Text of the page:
By now, anyone who thinks that people on both sides of this issue might actually have a few valid points to make, feels totally disenfranchised and hugely disinclined to expose themselves to ridicule and abuse in the ongoing brawl that masquerades as a debate.

The result is, I think, that people who might otherwise have ventured an opinion either supportive or not of the government's border security strategy have simply chosen to remain silent.

So, while the dialogue of the deaf rages on, I suspect that there truly is a silent majority who prefer to ignore the whole issue because there is no reasonable prospect of a sensible discussion on a very complex and difficult policy issue.

This, of course, plays into the hands of the current government, which can afford to entirely ignore some of the obvious deficiencies that surrounded the operation of the Manus facility and which continue to bear directly upon the ultimate fate of those who still languish there.

The opposition is similarly hamstrung. This issue is fraught with difficulty for them too, so silence is the best option even if many of them don't like it much.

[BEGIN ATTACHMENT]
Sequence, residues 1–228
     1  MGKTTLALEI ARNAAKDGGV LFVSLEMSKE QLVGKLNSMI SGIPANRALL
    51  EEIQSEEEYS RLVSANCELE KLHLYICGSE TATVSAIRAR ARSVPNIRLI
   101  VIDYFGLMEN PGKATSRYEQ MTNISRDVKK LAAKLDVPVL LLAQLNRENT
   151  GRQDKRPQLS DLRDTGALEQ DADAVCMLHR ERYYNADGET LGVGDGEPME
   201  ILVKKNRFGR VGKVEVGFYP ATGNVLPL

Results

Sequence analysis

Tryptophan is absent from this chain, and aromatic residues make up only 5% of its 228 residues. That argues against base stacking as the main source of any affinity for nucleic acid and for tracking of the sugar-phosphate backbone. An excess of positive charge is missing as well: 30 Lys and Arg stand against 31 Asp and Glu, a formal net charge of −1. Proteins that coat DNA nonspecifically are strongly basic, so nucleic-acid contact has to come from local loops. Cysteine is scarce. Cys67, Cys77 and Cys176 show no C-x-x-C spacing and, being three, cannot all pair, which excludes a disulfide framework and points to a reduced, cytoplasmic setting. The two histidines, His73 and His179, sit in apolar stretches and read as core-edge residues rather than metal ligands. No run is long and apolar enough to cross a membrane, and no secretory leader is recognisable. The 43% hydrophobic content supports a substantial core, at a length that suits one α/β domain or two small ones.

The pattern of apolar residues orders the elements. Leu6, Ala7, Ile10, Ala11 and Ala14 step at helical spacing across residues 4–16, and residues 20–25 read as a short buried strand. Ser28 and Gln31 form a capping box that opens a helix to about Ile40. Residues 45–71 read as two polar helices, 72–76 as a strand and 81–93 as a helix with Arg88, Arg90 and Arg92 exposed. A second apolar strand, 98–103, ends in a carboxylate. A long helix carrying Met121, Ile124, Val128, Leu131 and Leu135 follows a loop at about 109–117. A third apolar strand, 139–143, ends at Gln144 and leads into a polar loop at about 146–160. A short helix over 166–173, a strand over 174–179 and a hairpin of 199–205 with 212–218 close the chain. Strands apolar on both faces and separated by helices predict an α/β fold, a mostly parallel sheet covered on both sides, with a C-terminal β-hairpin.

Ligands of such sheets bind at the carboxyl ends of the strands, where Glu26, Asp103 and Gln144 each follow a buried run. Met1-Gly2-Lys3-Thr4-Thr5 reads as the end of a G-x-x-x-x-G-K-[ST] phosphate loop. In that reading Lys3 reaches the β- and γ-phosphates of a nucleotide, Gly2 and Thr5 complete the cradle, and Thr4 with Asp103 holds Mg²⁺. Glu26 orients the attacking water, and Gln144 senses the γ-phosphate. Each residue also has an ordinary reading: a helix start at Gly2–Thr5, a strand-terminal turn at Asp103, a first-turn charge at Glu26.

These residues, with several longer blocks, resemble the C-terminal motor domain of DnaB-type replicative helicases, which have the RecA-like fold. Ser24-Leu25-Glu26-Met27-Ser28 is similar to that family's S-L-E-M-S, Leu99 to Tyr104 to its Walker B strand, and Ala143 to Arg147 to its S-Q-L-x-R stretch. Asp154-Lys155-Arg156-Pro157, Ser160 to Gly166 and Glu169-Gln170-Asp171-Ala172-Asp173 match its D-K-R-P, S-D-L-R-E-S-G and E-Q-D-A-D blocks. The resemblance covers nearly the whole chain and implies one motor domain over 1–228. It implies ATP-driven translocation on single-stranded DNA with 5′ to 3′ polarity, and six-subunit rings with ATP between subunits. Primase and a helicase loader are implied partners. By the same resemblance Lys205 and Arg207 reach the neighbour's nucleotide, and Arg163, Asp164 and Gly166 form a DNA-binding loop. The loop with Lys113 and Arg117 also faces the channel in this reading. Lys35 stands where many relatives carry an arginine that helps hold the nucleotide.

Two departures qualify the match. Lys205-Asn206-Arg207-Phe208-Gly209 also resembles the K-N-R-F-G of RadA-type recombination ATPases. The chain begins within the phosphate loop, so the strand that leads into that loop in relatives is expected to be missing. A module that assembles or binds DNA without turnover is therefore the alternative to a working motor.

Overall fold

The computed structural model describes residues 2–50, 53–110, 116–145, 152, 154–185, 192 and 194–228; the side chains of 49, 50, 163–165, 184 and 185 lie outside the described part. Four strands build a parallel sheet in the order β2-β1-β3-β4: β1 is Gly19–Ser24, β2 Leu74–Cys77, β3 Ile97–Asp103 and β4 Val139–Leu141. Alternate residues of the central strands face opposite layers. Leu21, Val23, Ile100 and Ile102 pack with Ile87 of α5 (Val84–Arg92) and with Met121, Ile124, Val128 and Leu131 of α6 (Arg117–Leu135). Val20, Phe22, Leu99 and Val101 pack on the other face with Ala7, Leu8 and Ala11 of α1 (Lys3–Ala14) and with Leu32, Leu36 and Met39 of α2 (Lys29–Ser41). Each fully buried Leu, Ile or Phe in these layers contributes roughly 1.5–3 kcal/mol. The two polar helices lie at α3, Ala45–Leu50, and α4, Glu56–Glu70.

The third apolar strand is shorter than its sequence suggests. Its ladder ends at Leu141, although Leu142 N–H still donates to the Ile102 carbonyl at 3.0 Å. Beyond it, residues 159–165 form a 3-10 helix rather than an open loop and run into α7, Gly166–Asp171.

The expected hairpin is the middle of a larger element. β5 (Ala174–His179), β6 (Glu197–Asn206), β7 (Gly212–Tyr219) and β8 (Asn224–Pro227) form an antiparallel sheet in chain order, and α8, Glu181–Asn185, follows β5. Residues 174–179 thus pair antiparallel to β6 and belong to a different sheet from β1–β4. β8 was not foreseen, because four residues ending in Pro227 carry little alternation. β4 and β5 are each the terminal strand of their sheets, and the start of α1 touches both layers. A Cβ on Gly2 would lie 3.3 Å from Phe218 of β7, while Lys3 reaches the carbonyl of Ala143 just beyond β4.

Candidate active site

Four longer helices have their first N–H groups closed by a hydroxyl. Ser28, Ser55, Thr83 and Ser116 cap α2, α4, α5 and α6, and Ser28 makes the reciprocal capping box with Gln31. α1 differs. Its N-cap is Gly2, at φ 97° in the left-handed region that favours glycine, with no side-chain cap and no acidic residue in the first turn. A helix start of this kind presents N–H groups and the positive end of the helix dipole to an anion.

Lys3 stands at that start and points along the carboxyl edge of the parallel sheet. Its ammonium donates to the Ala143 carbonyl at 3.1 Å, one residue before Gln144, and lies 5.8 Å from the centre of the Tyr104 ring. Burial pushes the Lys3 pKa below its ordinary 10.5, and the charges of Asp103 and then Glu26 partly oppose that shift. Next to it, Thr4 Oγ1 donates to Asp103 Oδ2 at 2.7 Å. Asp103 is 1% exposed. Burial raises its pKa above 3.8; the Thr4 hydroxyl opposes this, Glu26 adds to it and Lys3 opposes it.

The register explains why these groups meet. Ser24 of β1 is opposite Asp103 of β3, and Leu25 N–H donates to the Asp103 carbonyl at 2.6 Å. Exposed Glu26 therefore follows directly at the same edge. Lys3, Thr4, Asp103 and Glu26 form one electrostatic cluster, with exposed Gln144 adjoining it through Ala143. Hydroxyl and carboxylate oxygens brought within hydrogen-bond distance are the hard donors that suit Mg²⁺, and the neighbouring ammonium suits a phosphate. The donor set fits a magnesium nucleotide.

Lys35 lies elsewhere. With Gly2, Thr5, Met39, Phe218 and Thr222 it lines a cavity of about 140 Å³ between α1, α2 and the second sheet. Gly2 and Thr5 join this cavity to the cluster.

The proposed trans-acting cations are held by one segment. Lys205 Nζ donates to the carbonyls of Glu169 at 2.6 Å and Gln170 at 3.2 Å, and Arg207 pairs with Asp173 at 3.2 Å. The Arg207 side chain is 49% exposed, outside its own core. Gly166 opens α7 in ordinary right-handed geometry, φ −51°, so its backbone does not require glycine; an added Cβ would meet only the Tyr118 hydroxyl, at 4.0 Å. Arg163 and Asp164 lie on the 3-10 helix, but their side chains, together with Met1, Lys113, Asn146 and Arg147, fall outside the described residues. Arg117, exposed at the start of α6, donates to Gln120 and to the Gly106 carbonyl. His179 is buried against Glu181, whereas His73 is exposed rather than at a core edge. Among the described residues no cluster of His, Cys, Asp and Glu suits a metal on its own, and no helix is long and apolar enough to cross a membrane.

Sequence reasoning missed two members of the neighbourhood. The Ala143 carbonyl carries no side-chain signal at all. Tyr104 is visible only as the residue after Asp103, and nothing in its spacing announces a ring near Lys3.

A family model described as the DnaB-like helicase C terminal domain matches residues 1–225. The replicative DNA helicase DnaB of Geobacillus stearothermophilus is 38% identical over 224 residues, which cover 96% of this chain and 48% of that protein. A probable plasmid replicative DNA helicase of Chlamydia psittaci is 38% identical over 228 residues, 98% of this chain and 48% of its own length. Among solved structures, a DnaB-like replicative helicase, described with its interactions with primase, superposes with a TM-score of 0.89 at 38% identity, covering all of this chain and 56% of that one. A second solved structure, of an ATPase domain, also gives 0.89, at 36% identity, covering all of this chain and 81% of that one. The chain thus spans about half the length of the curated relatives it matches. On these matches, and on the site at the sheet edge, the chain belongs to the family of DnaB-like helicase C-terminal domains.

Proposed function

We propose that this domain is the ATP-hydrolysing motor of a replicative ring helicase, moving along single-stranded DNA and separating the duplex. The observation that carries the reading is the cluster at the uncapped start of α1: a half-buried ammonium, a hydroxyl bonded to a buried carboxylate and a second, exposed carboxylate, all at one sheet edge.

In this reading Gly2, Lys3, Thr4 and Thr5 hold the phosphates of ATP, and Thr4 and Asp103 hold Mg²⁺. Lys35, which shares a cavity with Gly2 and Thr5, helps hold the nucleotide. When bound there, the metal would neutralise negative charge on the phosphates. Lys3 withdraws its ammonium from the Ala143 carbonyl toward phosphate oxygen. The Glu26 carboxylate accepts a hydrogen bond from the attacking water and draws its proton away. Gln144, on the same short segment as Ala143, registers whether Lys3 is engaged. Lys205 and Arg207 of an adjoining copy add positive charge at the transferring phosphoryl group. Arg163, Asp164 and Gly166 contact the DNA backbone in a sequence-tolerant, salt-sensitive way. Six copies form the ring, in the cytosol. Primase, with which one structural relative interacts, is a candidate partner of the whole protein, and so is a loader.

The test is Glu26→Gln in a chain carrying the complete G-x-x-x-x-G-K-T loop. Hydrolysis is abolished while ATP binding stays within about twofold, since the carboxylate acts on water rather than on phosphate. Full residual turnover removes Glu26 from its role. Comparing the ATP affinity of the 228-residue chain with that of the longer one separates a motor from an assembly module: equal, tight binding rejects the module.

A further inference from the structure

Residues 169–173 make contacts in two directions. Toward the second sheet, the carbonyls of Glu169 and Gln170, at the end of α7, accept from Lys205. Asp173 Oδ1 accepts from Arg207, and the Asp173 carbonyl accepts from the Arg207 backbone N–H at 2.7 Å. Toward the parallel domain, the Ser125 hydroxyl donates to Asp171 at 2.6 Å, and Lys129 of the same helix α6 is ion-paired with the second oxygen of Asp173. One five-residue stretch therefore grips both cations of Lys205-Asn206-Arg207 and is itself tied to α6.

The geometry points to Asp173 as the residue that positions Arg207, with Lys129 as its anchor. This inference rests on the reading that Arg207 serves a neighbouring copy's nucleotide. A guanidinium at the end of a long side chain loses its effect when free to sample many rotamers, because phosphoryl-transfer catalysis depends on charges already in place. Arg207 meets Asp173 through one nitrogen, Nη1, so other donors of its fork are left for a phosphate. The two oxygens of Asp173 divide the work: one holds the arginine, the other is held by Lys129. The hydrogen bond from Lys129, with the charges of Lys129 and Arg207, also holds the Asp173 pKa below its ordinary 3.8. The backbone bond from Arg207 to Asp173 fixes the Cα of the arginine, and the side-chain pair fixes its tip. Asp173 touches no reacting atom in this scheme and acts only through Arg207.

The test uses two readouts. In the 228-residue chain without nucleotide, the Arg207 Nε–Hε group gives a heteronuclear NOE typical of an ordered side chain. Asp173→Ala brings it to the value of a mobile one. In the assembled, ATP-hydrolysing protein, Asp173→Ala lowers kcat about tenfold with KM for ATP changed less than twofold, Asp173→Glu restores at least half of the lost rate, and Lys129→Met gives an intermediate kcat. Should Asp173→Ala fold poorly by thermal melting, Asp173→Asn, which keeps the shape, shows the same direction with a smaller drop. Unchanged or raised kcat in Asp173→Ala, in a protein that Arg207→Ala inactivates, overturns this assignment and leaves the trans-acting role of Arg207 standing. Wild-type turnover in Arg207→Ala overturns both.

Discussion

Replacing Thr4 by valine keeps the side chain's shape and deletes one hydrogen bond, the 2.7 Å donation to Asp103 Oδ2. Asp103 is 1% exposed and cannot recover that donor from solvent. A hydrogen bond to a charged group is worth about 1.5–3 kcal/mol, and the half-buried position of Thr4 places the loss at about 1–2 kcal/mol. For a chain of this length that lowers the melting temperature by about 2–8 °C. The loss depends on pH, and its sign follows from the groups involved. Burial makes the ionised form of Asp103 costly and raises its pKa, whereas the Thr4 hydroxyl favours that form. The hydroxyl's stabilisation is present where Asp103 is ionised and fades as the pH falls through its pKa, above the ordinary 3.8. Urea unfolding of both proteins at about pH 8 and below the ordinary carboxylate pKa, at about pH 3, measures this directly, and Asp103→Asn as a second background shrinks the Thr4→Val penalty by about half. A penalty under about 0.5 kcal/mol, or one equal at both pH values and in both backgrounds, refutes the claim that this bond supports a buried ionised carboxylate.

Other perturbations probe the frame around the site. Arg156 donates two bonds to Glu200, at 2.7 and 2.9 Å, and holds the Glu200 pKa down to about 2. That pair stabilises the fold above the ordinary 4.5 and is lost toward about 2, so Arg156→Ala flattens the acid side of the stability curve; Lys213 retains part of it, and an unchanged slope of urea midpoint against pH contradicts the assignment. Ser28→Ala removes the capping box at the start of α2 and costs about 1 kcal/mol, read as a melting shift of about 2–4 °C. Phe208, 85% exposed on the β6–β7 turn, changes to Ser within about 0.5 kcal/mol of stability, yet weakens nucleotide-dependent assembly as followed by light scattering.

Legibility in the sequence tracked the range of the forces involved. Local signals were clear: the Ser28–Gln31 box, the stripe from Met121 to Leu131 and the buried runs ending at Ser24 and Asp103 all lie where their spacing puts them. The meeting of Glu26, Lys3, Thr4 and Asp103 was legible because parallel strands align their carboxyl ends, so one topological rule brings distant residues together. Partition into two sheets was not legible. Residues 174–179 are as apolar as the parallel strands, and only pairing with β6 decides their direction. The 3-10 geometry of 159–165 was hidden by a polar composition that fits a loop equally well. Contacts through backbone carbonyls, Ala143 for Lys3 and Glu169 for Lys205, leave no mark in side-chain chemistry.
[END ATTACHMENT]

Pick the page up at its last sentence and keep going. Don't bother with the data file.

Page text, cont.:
It seems to me that the country's whole approach to immigration is overdue for a thorough going review.

Right now, we have the almost bizarre situation where huge resources are being devoted to border protection while at the same time we seem to running an almost open ended legal immigration program that is very materially changing the nature of the country.

It is simply assumed that high levels of immigration are a good thing, both economically and socially, yet there is, so far as I am aware, no extant body of evidence that supports this belief. It fits in with the government's well worn mantra about jobs and growth but, personally, I'd like to see some independently gathered and verified evidence that this is the case.

In relation to asylum seekers, the government has increased the annual intake to about 18,000 per year. This decision passed with hardly a murmur from the wider public, implying that there is broad based support for a controlled process through which Australia takes its share of the world's dispossessed and oppressed.

The deafening silence about Manus is, I infer, clear evidence that there is very little support for the sort of open borders approach that is now causing tremendous social strains and very major (and worrying) political shifts in Europe.

I hope that we can eventually start to have a real conversation about this very important issue but, right now, I'd assess the chances of this as being very low indeed.

Bernard Corden

He who opens a school door closes a prison - Victor Hugo

Barbara Short